This systematic review and meta-analysis reviewed the effect of use of beta blockers in patients with TBI on mortality and functional outcome. Our findings suggest that the use of beta blockers is associated with an overall decrease in in-hospital mortality and higher rate of good functional outcome at discharge from acute care. However, lack of available high-quality studies limits definitive conclusions and recommendations for use of beta blockers in TBI. Further RCTs are needed to analyze mortality as well as both short-term and long-term functional outcomes with use of beta blockers.

Ethics statements

Patient consent for publication

Ethics approval

Not applicable.


Supplementary materials

  • Supplementary Data

    This web only file has been produced by the BMJ Publishing Group from an electronic file supplied by the author(s) and has not been edited for content.


  • Contributors Overall content responsibility: SH; Literature search, data collection, data analysis, data interpretation, and writing: SH and AC; study design: SH, ML, SS, and PE; critical revisions and approval of final article: SH, ML, AC, AM, SS, and PE.

  • Funding The authors have not declared a specific grant for this research from any funding agency in the public, commercial or not-for-profit sectors.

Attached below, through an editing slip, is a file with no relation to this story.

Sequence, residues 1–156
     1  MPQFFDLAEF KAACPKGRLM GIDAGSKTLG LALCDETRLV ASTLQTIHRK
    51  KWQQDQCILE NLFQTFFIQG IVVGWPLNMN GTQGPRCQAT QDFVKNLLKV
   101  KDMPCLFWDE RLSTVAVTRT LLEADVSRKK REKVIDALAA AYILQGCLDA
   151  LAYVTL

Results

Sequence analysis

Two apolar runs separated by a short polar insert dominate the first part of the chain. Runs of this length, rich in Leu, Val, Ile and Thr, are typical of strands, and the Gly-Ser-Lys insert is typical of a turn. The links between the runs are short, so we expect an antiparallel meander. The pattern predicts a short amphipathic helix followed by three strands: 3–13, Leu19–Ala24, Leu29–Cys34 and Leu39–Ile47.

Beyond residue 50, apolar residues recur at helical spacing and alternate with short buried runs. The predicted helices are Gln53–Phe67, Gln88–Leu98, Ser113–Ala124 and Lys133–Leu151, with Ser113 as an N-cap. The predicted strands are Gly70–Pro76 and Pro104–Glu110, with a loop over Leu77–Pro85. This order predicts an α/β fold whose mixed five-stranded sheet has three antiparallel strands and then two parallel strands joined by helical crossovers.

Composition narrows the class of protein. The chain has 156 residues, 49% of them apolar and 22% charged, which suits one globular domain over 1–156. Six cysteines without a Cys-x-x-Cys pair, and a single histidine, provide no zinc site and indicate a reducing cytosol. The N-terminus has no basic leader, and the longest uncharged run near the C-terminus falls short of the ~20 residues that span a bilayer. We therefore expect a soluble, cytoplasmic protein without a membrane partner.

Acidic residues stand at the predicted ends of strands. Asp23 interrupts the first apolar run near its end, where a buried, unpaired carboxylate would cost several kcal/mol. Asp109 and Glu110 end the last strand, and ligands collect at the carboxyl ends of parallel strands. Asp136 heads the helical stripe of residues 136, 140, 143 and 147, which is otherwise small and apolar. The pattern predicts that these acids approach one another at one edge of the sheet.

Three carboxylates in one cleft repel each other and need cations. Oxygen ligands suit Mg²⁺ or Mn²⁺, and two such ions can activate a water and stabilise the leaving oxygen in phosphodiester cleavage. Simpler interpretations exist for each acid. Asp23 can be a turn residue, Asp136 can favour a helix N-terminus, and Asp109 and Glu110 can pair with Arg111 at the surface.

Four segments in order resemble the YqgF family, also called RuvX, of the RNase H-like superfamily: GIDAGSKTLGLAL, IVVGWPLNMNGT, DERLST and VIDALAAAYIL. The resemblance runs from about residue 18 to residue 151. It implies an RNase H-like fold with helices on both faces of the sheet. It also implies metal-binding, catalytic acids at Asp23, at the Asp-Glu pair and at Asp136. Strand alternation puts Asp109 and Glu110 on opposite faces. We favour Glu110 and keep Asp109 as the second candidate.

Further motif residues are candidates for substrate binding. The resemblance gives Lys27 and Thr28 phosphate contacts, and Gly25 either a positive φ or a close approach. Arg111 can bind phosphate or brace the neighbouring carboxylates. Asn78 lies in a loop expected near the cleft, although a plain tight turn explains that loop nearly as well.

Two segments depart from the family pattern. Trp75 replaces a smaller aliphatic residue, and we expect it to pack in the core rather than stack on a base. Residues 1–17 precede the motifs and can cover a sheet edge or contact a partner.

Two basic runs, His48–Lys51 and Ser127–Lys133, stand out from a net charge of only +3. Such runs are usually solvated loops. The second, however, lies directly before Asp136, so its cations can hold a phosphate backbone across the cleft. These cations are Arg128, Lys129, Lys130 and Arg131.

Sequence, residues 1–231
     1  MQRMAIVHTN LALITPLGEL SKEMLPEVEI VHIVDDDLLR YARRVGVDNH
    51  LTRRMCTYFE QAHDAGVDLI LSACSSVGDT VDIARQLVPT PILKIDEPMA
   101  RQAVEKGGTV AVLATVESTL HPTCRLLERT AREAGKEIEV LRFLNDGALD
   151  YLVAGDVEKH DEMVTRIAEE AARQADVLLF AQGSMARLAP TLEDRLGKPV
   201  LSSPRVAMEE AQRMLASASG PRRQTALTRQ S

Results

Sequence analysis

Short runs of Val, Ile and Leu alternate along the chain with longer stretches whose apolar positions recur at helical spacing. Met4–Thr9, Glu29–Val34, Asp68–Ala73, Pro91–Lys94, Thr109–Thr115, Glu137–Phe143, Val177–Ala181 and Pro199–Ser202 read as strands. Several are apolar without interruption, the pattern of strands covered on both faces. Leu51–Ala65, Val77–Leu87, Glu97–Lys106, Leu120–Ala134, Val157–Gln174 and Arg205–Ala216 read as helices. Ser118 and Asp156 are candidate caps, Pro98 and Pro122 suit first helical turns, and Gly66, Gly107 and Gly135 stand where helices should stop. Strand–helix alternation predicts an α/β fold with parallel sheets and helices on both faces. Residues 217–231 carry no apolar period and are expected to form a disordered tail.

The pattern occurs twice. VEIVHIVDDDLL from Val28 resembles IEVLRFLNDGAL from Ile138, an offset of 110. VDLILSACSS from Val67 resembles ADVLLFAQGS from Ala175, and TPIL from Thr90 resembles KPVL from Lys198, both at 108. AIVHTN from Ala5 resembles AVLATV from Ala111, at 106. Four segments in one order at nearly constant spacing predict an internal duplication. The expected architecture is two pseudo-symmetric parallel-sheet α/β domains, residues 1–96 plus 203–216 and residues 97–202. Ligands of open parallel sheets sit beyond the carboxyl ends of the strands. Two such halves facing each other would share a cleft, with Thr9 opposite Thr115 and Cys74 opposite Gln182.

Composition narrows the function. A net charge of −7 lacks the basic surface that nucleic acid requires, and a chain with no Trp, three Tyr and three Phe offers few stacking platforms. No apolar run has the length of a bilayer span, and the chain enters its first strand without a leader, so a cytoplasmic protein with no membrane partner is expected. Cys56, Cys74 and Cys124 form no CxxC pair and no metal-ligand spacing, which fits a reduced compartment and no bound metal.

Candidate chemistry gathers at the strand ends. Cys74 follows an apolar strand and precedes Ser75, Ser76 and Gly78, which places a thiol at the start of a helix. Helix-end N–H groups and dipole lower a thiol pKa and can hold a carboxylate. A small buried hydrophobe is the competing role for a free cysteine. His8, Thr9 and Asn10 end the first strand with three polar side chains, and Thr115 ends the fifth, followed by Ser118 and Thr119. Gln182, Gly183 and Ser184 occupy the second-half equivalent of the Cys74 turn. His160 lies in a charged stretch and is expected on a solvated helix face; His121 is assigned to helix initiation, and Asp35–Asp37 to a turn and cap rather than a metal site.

• Disclaimer This article has not been published elsewhere and is not under consideration by another journal.

  • Competing interests None declared.

  • Provenance and peer review Not commissioned; internally peer reviewed.

  • Supplemental material This content has been supplied by the author(s). It has not been vetted by BMJ Publishing Group Limited (BMJ) and may not have been peer-reviewed. Any opinions or recommendations discussed are solely those of the author(s) and are not endorsed by BMJ. BMJ disclaims all liability and responsibility arising from any reliance placed on the content. Where the content includes any translated material, BMJ does not warrant the accuracy and reliability of the translations (including but not limited to local regulations, clinical guidelines, terminology, drug names and drug dosages), and is not responsible for any error and/or omissions arising from translation and adaptation or otherwise.